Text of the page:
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In CaCl2 treatment, a function of calcium is to link uronic acid groups through Ca2+ ions to strengthen the cell wall integrity and cell to cell cohesion (Lionetti et al., 2010; Sams et al., 1993), and to maintain the insoluble pectin concentration. The polyuronides solubilization during the ripening is correlated with the polygalacturonase (PG) activity that corresponds to the softening of fruit (Huber,1983; Smith et al.,1990; Wakabayashi et al., 2000). Brummell and Labavitch (1997) reported that PG-mediated polyuronide depolymerization oriented in reducing the fruit integrity and firmness at the advanced stage of ripening. As a 1-MCP treatment, 1-MCP directly inhibits the ethylene-mediated cell wall degrading enzyme activity like a PG (Mostofi et al., 2003). Therefore, 1-MCP with CaCl2 treatment maintained high polyuronide content at the 9, 17 and 17+4 days after storage, but there was no significant difference with other treatments.

In conclusion, overall, 1-MCP and 1-MCP with CaCl2 treated fruits were more effective in inhibiting the pericarp discoloration, maintaining the antioxidant activities and bioactive compound content, and insoluble pectin content compared to control and CaCl2 treated fruits. There was no significant different in respiration and ethylene production rate among treatments, but the 1-MCP with CaCl2 treatment showed a slight suppression of respiration rate and ethylene production at 20°C. Especially, 1-MCP with CaCl2 treatment had a synergic effect to retract the color and antioxidant activities, reduce the physicochemical, inhibit the lycopene accumulation, and delay the disruption of cell wall structure. In further, we should to conduct microbial analysis of cherry tomatoes after chemical treatments above mentioned.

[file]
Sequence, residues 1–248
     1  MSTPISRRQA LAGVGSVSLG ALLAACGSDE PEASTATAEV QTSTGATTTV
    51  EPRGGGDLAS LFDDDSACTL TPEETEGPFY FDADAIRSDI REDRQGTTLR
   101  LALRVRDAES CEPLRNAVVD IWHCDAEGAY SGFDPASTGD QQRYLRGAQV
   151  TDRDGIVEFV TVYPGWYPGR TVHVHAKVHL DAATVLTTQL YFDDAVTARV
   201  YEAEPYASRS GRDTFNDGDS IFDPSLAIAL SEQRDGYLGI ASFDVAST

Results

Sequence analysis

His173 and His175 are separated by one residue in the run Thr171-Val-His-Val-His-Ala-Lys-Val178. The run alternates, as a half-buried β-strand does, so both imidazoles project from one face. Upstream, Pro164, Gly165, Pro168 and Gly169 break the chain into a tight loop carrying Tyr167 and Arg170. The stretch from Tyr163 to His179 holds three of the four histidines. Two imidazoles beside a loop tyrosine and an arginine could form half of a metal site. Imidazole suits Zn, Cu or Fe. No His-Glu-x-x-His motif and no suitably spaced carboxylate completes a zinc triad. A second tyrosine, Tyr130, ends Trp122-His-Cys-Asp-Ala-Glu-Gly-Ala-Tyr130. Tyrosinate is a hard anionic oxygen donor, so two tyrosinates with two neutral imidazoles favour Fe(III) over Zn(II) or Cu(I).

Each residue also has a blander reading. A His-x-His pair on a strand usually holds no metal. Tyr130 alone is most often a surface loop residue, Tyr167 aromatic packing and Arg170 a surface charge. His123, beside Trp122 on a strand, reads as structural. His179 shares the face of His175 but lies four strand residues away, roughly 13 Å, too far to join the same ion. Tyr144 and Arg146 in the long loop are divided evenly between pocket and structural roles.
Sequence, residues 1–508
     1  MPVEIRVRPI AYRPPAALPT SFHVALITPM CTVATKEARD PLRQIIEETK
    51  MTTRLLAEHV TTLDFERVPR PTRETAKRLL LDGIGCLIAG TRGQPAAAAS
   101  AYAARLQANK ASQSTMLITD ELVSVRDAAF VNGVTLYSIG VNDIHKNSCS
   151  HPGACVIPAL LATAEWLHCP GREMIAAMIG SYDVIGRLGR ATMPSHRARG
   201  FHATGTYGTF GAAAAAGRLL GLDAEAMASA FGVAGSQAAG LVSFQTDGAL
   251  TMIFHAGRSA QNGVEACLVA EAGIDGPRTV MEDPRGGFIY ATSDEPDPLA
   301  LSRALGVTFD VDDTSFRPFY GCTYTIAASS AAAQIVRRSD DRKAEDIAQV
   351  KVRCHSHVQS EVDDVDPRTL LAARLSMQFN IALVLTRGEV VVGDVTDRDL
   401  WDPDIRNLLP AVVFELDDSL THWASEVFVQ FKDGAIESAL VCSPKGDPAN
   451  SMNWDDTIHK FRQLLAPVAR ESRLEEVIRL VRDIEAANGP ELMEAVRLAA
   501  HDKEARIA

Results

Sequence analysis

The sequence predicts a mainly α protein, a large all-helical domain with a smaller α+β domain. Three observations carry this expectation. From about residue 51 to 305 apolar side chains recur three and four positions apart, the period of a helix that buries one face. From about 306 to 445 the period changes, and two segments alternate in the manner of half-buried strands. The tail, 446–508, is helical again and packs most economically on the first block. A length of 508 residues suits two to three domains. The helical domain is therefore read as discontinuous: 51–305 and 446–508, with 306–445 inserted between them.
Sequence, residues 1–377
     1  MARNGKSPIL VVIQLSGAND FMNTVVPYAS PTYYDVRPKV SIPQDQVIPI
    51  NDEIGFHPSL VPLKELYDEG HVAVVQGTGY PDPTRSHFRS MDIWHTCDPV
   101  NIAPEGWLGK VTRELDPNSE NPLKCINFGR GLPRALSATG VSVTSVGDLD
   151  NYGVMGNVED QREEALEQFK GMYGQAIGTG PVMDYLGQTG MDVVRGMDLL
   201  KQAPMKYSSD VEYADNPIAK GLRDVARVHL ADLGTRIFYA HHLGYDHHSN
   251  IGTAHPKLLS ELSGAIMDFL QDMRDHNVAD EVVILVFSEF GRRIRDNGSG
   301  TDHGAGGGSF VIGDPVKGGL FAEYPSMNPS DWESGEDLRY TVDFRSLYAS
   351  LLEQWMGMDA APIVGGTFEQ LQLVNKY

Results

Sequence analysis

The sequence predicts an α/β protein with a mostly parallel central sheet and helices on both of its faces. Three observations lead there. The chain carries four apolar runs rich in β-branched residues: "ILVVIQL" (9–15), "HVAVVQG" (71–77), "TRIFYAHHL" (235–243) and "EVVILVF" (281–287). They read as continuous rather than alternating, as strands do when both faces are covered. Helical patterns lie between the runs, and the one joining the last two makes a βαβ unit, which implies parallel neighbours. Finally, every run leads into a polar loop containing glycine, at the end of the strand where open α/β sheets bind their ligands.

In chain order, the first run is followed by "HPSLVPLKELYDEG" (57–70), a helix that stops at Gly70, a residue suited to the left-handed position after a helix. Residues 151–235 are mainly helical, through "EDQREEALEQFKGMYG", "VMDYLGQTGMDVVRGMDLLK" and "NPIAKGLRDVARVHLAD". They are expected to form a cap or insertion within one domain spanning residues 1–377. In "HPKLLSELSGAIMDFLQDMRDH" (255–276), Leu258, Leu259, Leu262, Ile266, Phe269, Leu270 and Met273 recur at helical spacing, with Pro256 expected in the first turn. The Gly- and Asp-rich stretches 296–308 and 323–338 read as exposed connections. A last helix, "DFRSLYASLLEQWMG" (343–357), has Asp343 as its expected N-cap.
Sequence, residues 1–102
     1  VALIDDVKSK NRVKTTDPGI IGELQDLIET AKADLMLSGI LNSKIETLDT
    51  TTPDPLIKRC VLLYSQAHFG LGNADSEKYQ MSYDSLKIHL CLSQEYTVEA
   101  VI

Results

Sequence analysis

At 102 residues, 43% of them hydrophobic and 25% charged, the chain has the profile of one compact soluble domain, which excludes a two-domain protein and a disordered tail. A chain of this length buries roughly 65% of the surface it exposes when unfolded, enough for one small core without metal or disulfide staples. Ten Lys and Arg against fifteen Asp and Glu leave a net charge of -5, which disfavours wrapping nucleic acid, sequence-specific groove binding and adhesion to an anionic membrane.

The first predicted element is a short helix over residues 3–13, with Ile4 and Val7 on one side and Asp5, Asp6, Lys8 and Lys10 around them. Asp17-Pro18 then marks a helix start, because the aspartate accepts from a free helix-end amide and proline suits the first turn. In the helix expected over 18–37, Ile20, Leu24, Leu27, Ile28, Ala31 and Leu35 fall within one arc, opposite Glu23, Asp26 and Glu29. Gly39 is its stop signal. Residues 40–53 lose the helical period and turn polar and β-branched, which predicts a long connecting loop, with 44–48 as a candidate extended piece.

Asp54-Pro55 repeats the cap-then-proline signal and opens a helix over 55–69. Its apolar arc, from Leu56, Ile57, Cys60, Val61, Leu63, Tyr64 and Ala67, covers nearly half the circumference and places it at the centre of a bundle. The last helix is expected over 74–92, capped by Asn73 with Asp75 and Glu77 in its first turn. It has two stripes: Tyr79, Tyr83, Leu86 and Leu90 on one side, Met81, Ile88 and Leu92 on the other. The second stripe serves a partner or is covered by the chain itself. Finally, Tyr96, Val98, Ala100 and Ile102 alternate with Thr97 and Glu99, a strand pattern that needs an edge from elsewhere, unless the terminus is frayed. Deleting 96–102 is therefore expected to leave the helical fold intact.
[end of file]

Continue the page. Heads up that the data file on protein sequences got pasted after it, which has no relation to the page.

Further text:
Acknowledgement

This study was supported by the “2019 KoRAA Longterm Training Program” and “RDA project (project number: PJ014368032020)” of Rural Development Administration (RDA), Republic of Korea. The corresponding author (S. Lim) was funded and supported by the “2020 RDA Fellowship Program of National Institute of Horticultural and Herbal Science”, RDA, Republic of Korea, respectively.

Conflict of interests

The authors declare no potential conflict of interest.